CHSA issues ‘cease and desist’ notice to company claiming Accredited status 

The Cleaning & Hygiene Suppliers Association (CHSA) has issued a ‘cease and desist’ notice to a Turkish manufacturer of plastic sacks claiming CHSA Accredited status.  

“Our Accreditation Schemes are a stamp of quality,” explained CHSA chair, Lorcan Mekitarian. “We will always act to protect their integrity so buyers and users of cleaning and hygiene products can trust the mark. Our standards, your guarantee.” 

“Our advice to buyers is to look first for the Accreditation Scheme logo to guarantee quality. If there is any uncertainty about the legitimacy of the manufacturer’s or distributor’s claim, check our website. It carries a full list of members. If they are not listed on our website, they are not Accredited by the CHSA.” 

The Turkish manufacturer provided the UK distributer with a certificate incorporating the CHSA logo which gave the impression they were Accredited to produce sacks to the standard. The inspector put the sacks through the CHSA’s standard audit process and found them substandard. Also, what was written on the box was definitely not in the box.  

Standards you can trust 

Maintaining standards is at the heart of everything the CHSA does. In 1997 the CHSA launched its first Accreditation Scheme for manufacturers of Soft Tissue products.  

Today it has six Accreditation Schemes. They are for manufacturers of paper-based and woven products, plastic-based products, cotton-based products, and cleaning chemicals, for general manufacturers and for distributors of cleaning and hygiene products.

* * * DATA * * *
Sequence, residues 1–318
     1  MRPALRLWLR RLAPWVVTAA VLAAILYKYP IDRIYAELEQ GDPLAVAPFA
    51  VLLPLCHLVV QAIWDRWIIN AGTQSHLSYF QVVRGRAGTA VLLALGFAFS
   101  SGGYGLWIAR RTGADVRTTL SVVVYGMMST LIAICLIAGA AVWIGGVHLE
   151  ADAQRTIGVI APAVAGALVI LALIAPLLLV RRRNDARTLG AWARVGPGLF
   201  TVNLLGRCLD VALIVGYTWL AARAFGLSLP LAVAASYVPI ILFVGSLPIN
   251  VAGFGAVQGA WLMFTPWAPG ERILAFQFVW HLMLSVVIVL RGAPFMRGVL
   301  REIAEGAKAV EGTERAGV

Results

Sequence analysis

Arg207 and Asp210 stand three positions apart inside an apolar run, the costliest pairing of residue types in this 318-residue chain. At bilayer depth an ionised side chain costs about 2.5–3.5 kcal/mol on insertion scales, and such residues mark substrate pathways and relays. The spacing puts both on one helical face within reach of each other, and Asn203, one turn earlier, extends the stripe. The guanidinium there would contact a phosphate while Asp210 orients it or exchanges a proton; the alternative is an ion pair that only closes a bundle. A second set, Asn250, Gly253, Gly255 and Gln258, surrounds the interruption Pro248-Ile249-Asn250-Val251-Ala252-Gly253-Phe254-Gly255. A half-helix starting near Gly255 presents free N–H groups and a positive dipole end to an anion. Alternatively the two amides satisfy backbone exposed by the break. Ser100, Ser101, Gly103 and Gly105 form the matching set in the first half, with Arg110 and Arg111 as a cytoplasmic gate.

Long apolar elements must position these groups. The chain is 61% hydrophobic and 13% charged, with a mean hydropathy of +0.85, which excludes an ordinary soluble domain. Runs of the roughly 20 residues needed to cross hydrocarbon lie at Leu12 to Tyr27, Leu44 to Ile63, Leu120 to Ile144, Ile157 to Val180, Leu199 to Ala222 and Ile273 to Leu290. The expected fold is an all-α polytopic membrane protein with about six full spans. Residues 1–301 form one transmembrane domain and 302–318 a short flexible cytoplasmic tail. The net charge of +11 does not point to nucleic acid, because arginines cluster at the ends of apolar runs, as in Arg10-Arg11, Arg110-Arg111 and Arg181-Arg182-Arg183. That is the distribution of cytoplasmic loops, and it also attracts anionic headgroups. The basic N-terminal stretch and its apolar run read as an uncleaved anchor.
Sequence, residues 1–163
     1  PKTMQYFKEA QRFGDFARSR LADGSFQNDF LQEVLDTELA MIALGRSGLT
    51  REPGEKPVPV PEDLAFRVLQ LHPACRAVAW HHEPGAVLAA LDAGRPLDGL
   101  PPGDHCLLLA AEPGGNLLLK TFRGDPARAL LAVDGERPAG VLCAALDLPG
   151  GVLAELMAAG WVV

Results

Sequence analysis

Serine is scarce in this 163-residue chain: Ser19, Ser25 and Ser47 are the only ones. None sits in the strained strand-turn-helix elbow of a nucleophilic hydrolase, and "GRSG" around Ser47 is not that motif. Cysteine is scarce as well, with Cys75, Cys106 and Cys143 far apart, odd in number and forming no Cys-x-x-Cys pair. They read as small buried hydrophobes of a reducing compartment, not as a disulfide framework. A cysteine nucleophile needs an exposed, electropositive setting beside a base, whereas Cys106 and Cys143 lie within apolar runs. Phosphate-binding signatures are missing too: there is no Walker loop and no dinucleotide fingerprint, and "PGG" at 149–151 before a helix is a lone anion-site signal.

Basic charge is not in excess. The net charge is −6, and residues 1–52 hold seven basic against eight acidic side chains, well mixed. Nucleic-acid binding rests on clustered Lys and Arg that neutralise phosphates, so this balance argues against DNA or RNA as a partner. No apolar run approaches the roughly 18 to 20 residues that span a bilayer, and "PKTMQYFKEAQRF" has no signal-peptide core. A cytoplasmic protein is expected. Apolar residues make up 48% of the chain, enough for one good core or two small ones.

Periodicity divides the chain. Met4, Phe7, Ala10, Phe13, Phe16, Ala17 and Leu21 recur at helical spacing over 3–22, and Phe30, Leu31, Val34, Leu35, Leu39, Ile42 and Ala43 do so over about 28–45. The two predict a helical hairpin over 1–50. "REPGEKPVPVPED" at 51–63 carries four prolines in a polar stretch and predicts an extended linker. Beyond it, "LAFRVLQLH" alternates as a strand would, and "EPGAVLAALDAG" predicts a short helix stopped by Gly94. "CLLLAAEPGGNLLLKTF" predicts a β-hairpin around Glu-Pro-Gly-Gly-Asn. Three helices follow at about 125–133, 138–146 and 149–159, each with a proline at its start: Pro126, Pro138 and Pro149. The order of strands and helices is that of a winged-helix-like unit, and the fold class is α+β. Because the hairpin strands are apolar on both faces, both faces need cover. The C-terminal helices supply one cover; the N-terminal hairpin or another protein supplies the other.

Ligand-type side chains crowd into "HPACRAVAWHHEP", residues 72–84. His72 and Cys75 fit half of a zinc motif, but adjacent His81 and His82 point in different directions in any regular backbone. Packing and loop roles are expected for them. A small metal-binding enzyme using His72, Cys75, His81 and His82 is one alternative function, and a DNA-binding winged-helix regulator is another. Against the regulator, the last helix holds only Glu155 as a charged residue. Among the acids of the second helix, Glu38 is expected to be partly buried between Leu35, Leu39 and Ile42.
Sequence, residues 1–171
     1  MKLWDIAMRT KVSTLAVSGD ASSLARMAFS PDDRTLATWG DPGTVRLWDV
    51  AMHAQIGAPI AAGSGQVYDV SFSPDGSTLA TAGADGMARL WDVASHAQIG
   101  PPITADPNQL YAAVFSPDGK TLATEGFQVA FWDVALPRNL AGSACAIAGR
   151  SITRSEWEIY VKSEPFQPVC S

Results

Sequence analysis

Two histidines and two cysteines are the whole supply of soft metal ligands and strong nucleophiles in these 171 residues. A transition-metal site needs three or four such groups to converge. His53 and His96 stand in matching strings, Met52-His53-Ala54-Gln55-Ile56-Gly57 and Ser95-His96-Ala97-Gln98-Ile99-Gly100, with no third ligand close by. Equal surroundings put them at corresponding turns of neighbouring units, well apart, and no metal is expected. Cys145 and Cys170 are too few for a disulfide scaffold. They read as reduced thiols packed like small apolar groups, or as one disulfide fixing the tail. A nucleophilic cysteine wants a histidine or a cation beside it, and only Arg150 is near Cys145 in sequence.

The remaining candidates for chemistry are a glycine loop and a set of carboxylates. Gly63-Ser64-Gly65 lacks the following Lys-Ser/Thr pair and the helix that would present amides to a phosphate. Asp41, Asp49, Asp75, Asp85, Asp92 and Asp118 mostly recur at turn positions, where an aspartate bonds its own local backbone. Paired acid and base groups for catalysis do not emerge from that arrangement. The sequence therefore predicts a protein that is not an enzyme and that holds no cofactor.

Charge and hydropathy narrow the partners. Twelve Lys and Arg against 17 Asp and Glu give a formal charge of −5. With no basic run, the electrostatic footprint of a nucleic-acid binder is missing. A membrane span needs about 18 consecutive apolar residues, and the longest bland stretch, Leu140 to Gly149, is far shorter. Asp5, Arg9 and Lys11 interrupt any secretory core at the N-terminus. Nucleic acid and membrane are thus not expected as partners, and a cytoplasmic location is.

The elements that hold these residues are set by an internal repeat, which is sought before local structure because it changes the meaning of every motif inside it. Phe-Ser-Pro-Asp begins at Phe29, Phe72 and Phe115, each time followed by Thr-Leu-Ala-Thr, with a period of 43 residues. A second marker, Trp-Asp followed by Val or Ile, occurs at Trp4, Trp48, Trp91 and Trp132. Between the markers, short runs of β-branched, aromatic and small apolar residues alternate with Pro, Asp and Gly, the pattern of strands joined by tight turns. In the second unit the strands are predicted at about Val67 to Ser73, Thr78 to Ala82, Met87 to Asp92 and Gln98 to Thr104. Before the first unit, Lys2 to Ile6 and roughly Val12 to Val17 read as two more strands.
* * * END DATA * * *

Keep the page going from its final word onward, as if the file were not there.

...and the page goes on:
The integrity of the schemes matters. It’s why in 2021 the CHSA’s Independent Inspector conducted 143 audits, checking more than 3,800 individual products. He found exceptional levels of conformance.  

Members of the Accreditation Scheme for paper-based and woven products achieved 92% label compliance, meaning the dimensions and count of every product and other required information is as indicated on the label. Of the 1,260 individual products audited 96% complied, excluding minor infringements.  

The Inspector conducted 40 audits of plastic-based products. 1,820 individual items were tested, and 672 labels checked. Overall label compliance was 93% and 92% of all products tested met the requirements of the Scheme, guaranteeing they are fit for purpose.  

Members of the Accreditation Scheme for manufacturers of cotton-based products achieved 97% compliance on the labels checked and 96% on the 720 products tested. 

The 17 members of the Accreditation Scheme for Manufacturers of Cleaning and Hygiene Chemicals were reviewed by the inspector and their status confirmed.  

Every distributor member of the CHSA was also audited against their commitment to buy products from a CHSA Accredited Manufacturer and that product from other manufacturers conformed to the requirements of the relevant Accreditation Scheme. They are audited accordingly.  

As well as the auditing process, the CHSA conducts rigorous due diligence on every new applicant to the Association. This process involves confirming all marketing and product claims can be substantiated by hard evidence, for example EN test results. This is followed by an audit of the product range and quality assurance procedures. They are welcomed into the Association only if they successfully complete due diligence and pass the audit.  

Every CHSA member has also signed the CHSA’s rigorous Code of Practice. It requires them to “maintain a high standard in the conduct of its business”. 

The combination of our Code of Practice and Accreditation Scheme membership means every member: 

  • Trades ethically and sustainably; 
  • Provides quality, fit for purpose products; and 
  • Makes sure what’s on the box is what’s in the box

Committed to the integrity of the Schemes, the CHSA’s governing Council will expel any Scheme member who, despite being offered the guidance required to correct issues, consistently fails to conform to the relevant Scheme Standard. 

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